Winter has lost its grip, but spring is not quite here.
Birds flutter and chirp in the trees, repairing old nests, building new ones.
But as of yet there are no leaves to hide them.
Squirrels scurry about, sniffing, digging for half-remembered acorns.
My soul is restless, too. Expectant. Wondering. Searching, even.
Something is stirring, but it's too soon to tell what.
In just a handful of weeks we've walked with friends through cancer, emergency surgeries, loss of a baby, loss of jobs, loss of funding, insomnia, painful waiting, depression, chronic pain, conflict and misunderstanding. It's been heartbreaking. In those same weeks we've seen students accepted, funding promised, proposals completed, chapters written, dissertations finished, jobs offered, and babies born. Life refuses to stand still. Surprises wait around every corner.
Some dear college friends, Heath and Emie, put it so beautifully in a recent email (which they agreed to let me share with you):
In August, Jesus made it abundantly clear that we were to step back from something that was very dear to our hearts. At the time, we didn't understand what God was doing but we followed him into an unknown space and waited. I told people during the time from August to December that it was like we were sitting in auditorium with the curtain drawn across the stage. We could sense tons of preparation and movement behind the curtain but we had no idea what would be playing when the curtain was pulled, much less what the stage might look like.
What's behind the curtain? What is God doing that I cannot see?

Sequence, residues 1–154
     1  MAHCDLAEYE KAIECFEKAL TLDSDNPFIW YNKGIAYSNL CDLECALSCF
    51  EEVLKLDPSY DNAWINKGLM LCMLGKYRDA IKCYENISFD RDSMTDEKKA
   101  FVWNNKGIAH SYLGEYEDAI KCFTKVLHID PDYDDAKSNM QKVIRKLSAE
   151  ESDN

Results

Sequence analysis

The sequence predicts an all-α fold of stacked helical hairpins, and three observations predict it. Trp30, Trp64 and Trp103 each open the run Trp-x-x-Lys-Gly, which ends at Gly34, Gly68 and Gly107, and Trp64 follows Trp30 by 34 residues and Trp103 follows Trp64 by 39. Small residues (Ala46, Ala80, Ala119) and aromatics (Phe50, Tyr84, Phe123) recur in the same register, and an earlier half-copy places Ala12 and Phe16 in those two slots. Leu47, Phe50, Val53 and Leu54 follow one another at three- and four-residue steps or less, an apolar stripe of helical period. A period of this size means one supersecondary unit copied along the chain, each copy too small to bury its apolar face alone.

For Heath and Emie, the curtain has opened, and the scene awaiting them has brought both joy and tears. God is calling them onstage—calling them back to Africa. Emie admits,
The last two months have been hard for me. I've cried buckets of tears. I told Heath it's not that I'm not ready to go. . . I just know what I'm going to. There's no blind anticipation and adrenaline rush this time. I know the poverty that will be right outside my gate every morning. I can still see the faces of the street kids going through my trash as soon as I turn my back to walk into my house. I remember the sadness in the eyes of the people who live with virtually nothing, sick and dying. And it undoes me. At least it did 6 years ago.Back to poverty. Back to sickness, sadness, and death.
Waiting can be hard, but sometimes knowing is even harder.
Having the courage of a Garry Friesen or a Heath and Emie Locke does not erase the suffering of surrender. We surrender because we trust that the One who is directing this drama knows best. And we'd rather be part of the story He's writing, no matter how difficult the role, than miss what he is doing.